Aspergillus fumigatus causes a range of diseases in humans, some of which are characterized by fungal persistence. A. fumigatus may persist by adapting to the human lung environment through physiological and genomic changes. The fungal strategy is to create genetic diversity by spontaneous mutations or recombination, and subsequent selection of genotypes most adapted to the new environment. Any stress factor can cause mutations to emerge that enable the fungus to overcome the stress factor and survive and reproduce in the new environment. Azole exposure is an example of a stress factor that causes mutations to emerge that render resistance. The mode of reproduction, i.e. sexual, parasexual, or asexual, is probably crucial for the adaptative potential of aspergillus. The various aspergillus diseases are characterized by different fungal morphotypes including hyphal growth or asexual reproduction. Little is known about the genomic dynamic of aspergilla in the human lung, but there are several clues that support fungal adaptation, especially in patients with chronic aspergillosis. As any change in the environment may provoke adaptation, switching between azoles in patients with chronic pulmonary aspergillosis (CPA) may result in a high-level pan-triazoleresistant phenotype through the accumulation of resistance mutations. Alternatively, when azole therapy is stopped, an azole-free environment is created that may prompt selection for compensatory mutations that overcome any fitness costs that are expected to accompany resistance development. As a consequence, starting, switching, and stopping azole therapy has the risk of selecting for highly resistant strains with wild-type fitness. As similar adaptation is expected to occur in response to other stress factors such as endogenous antimicrobial peptides, over time the fungus will become increasingly adapted to the lung environment thereby limiting the probability of eradication. In-host adaptation challenges current management strategies including switching between azole compounds in patients with CPA and tolerating colonization in patients with cystic fibrosis. Future research should include investigating the genomic dynamics during infection in order to understand the key factors facilitating adaptation of Aspergillus.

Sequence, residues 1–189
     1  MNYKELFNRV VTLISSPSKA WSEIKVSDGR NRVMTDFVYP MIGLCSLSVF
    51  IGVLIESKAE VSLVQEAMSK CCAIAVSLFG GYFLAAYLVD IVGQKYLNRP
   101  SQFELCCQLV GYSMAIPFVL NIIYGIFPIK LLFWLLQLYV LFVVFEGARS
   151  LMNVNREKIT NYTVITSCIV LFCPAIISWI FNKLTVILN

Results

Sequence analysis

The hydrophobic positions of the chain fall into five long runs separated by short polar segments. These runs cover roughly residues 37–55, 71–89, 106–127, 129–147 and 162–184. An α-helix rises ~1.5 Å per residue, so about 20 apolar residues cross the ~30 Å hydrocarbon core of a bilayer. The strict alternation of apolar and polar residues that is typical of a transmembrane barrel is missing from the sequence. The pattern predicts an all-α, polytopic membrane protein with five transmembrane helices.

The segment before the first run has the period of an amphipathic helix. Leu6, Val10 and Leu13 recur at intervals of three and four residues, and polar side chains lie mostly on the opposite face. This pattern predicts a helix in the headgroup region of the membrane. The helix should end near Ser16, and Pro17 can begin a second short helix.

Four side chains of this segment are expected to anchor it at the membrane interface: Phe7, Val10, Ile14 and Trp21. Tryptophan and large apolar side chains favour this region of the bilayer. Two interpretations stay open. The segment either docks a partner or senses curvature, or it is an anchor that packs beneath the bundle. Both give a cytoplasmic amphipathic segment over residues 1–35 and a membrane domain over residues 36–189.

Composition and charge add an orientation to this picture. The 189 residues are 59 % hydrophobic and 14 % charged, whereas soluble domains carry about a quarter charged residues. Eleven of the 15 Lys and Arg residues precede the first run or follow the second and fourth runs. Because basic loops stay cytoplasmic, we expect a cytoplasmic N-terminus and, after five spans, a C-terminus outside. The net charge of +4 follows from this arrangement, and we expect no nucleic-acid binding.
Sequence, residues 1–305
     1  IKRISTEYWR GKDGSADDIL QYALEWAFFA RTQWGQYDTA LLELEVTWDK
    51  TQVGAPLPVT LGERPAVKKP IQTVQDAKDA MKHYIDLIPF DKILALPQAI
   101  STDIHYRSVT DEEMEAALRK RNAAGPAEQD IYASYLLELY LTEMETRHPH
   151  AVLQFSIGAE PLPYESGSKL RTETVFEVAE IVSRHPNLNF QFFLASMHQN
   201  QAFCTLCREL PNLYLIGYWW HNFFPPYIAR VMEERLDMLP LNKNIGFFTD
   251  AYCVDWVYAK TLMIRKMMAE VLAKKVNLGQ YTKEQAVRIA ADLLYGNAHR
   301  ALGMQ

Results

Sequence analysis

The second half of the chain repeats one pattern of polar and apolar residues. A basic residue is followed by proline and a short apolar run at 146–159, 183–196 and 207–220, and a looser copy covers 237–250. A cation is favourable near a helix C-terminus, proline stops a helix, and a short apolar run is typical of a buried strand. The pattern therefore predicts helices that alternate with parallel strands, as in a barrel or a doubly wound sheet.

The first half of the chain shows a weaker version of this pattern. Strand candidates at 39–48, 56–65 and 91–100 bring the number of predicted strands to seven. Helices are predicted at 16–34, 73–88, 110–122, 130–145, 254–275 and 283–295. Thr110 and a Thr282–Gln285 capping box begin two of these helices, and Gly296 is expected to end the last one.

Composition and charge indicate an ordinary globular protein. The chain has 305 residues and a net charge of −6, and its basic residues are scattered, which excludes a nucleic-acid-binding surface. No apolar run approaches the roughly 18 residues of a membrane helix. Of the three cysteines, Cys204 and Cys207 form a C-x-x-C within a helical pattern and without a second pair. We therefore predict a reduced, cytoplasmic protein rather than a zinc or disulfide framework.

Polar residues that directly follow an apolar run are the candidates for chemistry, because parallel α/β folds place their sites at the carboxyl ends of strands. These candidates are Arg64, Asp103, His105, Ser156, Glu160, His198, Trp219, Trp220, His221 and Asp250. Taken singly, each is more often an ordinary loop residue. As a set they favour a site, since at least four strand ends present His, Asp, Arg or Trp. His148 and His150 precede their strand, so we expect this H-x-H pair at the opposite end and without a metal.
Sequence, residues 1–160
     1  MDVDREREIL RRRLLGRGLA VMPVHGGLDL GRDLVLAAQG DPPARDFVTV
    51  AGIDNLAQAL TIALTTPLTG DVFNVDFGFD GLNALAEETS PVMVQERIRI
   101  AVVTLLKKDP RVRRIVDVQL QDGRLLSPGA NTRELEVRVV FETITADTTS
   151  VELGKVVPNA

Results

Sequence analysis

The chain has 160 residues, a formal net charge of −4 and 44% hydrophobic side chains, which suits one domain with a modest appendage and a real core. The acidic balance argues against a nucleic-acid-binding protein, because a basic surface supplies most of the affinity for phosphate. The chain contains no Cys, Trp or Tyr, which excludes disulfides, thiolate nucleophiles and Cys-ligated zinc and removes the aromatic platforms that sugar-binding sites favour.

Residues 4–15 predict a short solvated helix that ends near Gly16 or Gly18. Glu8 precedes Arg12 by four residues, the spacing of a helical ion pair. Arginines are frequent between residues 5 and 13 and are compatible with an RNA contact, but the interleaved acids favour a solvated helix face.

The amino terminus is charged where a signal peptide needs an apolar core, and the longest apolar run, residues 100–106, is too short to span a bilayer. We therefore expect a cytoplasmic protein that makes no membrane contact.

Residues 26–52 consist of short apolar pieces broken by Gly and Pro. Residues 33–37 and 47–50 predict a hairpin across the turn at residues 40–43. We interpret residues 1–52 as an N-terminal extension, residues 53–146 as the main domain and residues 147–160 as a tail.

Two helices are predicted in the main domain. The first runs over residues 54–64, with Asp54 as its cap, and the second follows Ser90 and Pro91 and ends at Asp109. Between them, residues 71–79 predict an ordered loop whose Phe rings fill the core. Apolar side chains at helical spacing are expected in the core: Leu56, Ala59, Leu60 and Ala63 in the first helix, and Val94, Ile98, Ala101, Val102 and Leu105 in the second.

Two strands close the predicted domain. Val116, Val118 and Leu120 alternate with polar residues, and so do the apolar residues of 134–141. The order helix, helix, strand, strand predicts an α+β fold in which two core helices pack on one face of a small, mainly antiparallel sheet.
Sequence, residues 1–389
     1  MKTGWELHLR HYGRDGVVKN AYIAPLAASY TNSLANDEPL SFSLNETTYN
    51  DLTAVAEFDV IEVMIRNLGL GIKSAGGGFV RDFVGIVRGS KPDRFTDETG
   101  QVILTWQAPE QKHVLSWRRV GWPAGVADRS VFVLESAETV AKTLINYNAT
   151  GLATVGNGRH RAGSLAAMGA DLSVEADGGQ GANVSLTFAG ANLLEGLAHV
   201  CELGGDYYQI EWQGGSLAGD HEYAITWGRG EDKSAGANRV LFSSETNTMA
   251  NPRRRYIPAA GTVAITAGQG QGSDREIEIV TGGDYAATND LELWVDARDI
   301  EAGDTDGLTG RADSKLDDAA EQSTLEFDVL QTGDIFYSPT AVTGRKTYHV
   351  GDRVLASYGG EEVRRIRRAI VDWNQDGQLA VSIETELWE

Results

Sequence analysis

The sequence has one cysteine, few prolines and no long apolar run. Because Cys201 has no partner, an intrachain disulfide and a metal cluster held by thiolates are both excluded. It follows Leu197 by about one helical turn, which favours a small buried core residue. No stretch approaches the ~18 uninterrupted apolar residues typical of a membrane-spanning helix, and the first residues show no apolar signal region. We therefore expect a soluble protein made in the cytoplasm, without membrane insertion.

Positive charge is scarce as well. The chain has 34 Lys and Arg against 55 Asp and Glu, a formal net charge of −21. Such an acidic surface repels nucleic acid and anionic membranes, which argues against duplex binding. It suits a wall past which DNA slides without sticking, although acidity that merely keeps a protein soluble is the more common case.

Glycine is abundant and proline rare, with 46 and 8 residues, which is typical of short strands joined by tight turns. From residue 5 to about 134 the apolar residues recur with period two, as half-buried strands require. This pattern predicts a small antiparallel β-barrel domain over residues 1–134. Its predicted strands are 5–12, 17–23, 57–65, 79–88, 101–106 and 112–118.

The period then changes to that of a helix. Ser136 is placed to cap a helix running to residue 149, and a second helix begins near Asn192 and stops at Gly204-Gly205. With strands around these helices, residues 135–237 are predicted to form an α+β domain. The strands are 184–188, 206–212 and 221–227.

Full conference title:
- TIMM 8th (2017)